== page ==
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July 13, 2013
As older establishments close their doors, premium clubs offering state-of-the-art facilities and personalised service open for upwardly mobile…
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July 13, 2013
The only time in recent past that a rule was bent was in 1989, ironically for a politician. It was the only time the club turned a blind eye to the…
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July 13, 2013
Getting membership into this 118-year-old club - once the estate of the deposed Tipu Sultan exiled to Calcutta - is no easy task.
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Kerala's fresh take
Does the rise of indie films in Kerala finally signal a return to the golden age of Malayalam cinema when art and commerce coexisted?
You could call Aashiq Abu's 22 Female Kottayam a rape revenge film. But it is more than that. It has broken many stereotypes in Malayalam films. Its women are confident, curious and frankly interested in sex. The men they consort with are not exploitative boors. The story is one that many young people in Kerala's streets can relate to. And it is pulling in crowds at theatres.
There was a time when the national film awards went to Kerala almost every year. This was when Malayalam films were thought provoking and entertaining at the same time, when actors did not hanker to do centrespreads and when the story was the star. All that crumbled some 15 years ago, ironically, precisely when Hindi cinema began rediscovering itself.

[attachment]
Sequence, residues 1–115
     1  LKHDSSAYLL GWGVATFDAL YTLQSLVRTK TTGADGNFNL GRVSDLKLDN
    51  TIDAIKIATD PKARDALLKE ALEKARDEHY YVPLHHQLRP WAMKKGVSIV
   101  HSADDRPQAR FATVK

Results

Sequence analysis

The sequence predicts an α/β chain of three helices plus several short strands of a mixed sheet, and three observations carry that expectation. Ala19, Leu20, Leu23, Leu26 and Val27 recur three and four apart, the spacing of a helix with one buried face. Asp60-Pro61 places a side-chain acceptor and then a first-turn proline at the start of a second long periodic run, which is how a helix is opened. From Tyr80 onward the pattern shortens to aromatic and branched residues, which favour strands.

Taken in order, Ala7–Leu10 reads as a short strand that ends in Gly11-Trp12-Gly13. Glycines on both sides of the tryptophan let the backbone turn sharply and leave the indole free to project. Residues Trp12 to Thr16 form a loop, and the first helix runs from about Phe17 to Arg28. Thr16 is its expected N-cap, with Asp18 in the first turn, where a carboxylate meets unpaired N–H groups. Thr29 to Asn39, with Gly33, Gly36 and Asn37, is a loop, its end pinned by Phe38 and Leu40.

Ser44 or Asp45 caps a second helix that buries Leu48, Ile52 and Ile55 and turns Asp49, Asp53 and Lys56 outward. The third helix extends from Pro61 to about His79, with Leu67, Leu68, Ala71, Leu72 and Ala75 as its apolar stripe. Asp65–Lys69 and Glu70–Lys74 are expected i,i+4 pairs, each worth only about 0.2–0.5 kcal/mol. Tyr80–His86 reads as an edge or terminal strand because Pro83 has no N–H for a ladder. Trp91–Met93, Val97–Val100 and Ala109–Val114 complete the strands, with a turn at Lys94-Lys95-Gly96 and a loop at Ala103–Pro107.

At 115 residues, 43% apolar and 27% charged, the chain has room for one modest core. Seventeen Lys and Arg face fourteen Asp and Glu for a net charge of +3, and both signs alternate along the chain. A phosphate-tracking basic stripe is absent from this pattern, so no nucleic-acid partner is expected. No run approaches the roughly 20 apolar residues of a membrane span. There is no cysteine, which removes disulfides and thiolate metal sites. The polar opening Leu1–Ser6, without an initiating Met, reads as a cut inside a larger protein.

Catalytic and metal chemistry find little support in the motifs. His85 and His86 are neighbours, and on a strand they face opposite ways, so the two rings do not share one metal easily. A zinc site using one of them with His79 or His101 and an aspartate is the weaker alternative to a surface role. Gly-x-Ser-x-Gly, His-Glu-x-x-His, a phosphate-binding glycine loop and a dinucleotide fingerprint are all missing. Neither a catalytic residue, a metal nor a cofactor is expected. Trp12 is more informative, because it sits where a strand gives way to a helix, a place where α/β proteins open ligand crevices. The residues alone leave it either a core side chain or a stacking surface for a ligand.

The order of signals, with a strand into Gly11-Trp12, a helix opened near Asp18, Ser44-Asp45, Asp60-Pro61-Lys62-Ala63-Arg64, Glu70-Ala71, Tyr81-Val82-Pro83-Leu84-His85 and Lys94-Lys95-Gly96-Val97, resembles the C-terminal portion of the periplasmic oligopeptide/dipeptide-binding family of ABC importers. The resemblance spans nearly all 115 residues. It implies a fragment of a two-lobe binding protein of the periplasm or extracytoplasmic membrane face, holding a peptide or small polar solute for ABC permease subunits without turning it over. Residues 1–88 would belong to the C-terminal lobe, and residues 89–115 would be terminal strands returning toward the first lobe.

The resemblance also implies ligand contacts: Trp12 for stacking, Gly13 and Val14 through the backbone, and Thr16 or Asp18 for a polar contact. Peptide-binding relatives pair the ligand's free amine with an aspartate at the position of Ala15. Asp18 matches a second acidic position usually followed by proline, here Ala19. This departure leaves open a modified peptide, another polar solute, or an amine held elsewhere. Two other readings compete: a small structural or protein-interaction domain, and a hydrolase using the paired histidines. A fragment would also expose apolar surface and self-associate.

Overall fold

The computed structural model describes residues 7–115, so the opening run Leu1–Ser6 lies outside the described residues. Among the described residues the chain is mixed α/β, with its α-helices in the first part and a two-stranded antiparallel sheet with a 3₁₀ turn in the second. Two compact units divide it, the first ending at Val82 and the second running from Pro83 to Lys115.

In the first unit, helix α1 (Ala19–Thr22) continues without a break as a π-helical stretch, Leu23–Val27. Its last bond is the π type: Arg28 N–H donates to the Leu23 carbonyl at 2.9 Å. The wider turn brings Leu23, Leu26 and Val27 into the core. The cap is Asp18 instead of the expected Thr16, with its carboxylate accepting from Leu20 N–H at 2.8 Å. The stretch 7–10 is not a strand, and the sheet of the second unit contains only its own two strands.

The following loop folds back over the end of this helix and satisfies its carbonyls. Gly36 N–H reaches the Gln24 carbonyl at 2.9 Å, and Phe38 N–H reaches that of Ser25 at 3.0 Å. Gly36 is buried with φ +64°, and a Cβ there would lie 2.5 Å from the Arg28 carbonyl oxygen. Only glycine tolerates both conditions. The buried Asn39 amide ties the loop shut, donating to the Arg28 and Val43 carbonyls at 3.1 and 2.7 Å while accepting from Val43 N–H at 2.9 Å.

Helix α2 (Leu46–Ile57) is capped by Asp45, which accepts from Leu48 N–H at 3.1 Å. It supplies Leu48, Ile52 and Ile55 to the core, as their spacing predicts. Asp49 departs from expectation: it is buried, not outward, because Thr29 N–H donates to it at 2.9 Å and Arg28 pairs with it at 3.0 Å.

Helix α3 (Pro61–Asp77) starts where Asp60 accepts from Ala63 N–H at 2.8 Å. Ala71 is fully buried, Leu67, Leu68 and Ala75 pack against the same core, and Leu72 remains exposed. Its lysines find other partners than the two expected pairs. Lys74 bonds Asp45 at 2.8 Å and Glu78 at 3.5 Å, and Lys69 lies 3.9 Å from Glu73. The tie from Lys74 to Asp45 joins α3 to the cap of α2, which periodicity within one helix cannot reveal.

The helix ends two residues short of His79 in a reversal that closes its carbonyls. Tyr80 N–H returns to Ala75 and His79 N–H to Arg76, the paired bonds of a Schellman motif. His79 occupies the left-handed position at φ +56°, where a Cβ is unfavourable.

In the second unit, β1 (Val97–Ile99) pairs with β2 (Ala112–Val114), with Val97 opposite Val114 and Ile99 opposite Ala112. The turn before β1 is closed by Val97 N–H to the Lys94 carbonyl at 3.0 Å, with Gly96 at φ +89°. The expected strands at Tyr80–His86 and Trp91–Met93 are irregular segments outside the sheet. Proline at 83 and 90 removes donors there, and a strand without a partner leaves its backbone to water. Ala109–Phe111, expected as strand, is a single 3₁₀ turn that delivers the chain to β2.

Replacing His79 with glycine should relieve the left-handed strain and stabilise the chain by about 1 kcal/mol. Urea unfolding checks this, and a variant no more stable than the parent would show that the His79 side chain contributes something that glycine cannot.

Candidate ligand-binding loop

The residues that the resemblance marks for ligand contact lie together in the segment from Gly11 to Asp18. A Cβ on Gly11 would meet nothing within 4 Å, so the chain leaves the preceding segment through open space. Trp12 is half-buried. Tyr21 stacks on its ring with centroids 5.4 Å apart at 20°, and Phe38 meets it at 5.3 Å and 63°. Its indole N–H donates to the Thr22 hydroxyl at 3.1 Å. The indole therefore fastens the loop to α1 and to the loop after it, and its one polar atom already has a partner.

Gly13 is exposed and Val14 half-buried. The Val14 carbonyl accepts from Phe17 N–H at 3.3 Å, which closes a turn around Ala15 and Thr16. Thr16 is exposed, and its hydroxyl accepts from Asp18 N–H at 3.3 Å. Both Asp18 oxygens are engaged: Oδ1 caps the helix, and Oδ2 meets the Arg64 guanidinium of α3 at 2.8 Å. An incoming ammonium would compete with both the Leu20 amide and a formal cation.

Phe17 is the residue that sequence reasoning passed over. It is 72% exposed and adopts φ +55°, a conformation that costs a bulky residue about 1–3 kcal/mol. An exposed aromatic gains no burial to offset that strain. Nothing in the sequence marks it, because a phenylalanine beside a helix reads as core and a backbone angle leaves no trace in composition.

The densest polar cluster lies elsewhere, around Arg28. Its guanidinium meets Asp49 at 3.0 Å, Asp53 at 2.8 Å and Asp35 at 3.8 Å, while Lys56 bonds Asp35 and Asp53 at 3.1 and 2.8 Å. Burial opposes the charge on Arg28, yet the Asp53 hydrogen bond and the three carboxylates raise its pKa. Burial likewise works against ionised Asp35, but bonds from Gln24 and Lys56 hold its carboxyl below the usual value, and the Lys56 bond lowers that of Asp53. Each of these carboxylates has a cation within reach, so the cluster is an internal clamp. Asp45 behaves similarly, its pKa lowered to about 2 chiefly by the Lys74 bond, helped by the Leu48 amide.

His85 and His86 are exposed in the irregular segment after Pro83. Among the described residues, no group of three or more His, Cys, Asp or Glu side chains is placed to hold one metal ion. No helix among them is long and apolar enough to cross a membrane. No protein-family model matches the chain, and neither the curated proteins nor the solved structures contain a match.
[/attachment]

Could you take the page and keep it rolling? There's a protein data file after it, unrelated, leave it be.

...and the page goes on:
Fortunately, Malayalam cinema is beginning to shake itself out of its long uncreative slumber. Over the last four years, the box office has been seeing some really fresh, engaging films made by a new generation of directors, writers and actors. The stories they tell are small, tight, very real and demand little star value.
Directors such as Ranjith, Anoop Menon and Aashiq Abu believe that Kerala's movie goers are ready for bold, contemporary themes. Their films deal with an eclectic array of themes -biopics, thrillers as well as realistic comedies. Thirakkatha, Kerala Cafê, Indian Rupee, Chappankurishu, Beautiful, Salt and Pepper, Manjadikuru, Traffic, Ee Adutha Kalathu are films that indicate the rise of a very viable indie cinema movement in Kerala. Interestingly, these films have chosen to move away from the rural "socials" that were once the staple of Malayalam films. They are situated in the urban landscape and have a different sound and feel to them.
This new wave has also created space for younger actors now that the superstars of the state - Mohanlal and Mammooty - are both visibly jaded. Younger actors like Prithviraj, Vineeth Srinivasan, Anoop Menon, Shweta Menon, Indrajith and Mythili have managed to carve a niche for themselves.
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